I think the issue in Witchburner is that it comes across as a ‘gotcha’ adventure. In the context of DnD or other fantasy rpgs, it’s perfectly plausible that a witch might be tormenting a community. Especially so in the case of this adventure, given the rich amount completely unexplained, creepy-ass happenstance, that draws on real world cultural imagery concerning witches and witch-hunts. So when it turns out that actually this was all just superstitious villagers, mob mentality and unexplained happenstance, this a) really stretches the social contract between players an GM to the limit, and b) leaves you with some very unsatisfactory plot holes; like how the hell did those teeth get in that pumpkin? And if the GM handwaves the explanation, “oh, just a random but rare magical mutation of the common pumpkin”, then boy does that run the risk of feeling bad. The GM risks seeming ingenious and thereby ruining the credibility absolutely necessary for play.
I’m not saying that Witchburner is bad for doing this. Tomb of Horrors does basically the same thing by deliberately trying to trick the players, taking advantage of their experience and expectations as DND players, and enforcing a strict regime of mistrust and paranoia. And that module is a classic for that very reason. The vital difference is that Tomb of Horrors is pretty straight-forward about the fact that you’re being played, so the mistrust is focused on the module rather than the GM (unless you’re the cruel GM who unleashes it on new unsuspecting players, expecting to be heroes like on Critical Role – in which case you’re a prick…). I think the lack of openness about the fact that the players are being played is the main problem with Witchburner. If expecting an old-school fantasy dnd-like game, which is what’s implied by the product, then Witchburner can easily play out like a cruel joke. If played it as a straight up horror game, no/low magic, set in faux New England, or even as a Warhammer scenario (where the characters and players are traditionally supposed to struggle) then I could see it working fine! But I think the GM would do well in playing up the question of whether or not there actually is a witch and making that the crux of the game.
As is, Witchburner seems a bit like the adventure module version of performance art, trying to make a point by subverting your expectations. That can be cool if your group of players is into that kind of thing, but otherwise it’s probably better to either put in an actual witch or pick a different module.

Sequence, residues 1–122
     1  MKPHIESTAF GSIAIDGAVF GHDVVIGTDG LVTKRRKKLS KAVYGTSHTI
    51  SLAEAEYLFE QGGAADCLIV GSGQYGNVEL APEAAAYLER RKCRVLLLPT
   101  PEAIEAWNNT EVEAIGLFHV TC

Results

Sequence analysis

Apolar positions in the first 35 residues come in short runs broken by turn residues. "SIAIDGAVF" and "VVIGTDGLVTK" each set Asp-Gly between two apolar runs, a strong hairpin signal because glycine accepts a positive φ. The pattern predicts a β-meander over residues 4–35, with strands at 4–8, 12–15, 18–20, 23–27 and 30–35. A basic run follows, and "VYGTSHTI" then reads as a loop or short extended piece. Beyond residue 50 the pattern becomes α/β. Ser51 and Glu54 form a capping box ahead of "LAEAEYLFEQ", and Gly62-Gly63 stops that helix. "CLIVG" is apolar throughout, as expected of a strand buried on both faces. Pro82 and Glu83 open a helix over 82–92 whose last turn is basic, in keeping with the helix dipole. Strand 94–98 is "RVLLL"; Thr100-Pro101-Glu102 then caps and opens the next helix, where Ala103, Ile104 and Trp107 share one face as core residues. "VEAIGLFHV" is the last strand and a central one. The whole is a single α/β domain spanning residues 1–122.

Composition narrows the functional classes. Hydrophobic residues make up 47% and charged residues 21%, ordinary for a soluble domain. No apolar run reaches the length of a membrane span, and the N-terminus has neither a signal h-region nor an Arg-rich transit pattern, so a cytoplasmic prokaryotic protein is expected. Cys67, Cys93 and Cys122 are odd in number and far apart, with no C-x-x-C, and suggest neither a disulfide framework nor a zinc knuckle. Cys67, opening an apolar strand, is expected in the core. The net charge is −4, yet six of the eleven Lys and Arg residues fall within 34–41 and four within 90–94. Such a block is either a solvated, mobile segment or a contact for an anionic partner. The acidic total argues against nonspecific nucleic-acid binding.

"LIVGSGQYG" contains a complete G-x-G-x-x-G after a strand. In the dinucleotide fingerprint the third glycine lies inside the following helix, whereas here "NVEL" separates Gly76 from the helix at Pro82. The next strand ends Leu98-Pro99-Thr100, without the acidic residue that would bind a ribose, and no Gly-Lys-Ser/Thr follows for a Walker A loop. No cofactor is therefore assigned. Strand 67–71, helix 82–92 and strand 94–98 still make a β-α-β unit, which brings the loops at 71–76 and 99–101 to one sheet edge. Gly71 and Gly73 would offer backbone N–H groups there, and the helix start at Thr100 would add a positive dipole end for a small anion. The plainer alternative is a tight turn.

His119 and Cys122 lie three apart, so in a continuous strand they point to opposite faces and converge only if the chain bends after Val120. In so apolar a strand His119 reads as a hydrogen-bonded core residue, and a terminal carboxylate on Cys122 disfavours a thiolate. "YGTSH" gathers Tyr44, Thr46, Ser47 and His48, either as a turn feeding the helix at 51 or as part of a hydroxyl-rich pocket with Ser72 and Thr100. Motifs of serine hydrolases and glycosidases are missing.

Yeah, I think you’ve totally latched on to it. And this also ties in with the It Was All A Dream adventures and the principal that the DM needs to communicate information so that the players can make meaningful choices. Otherwise, they all lead to Gotcha DM’ing. A paragraph up front in Witchburner that has the DM play the first two encounters straight and then lead the party more and more in to the realm of “Yup, this is all BS” can be followed up by temptation. They are gonna pay you, etc, if you continue down the path you know is wrong Then it’s party, balancing the forces in the village, IF they choose to go down this path. Thats it, and it fixes it.
Interesting discussion. I haven’t read/played this one but the thing that comes to mind is, does it support the possibility for the PCs to determine there is no witch and put the kibosh on the witch hunt? If not that seems like a missed opportunity.
I’ll say that my players figured out early that there was no witch — or at least set that hypothesis on equal footing with any other. They didn’t seem to feel “got” so much as pressured to find someone to blame before blame turned to them.
The players and characters have a lot of resources to figure out what’s going on — familiars, detect magic, commune, class knowledge, all sorts of things. I wonder if it is really going to take any group long to figure out what the lack of a unifying actor behind all the straaaaaaange actually means.
At any rate, I can see how this adventure might lead to Gotcha-ism, but probably only if you’re already that kind of DM. What I liked most about it is that it tests player ability to navigate a weird and unfamiliar space that has danger different from but equal to the kind of danger they normally face. I don’t think it’s perfect at it and could have used a little more in the toolkit (and probably also, for most games, some built-in way of getting a little dice rolling in the mix).
And Adam W., the adventure explicitly addresses the possibility of the PCs realizing that there is no witch or that there’s no one they can identify. And it also tells you where many of these citizens keep their treasure. So “rob ’em blind and ditch” is explicitly one of the ways this can go.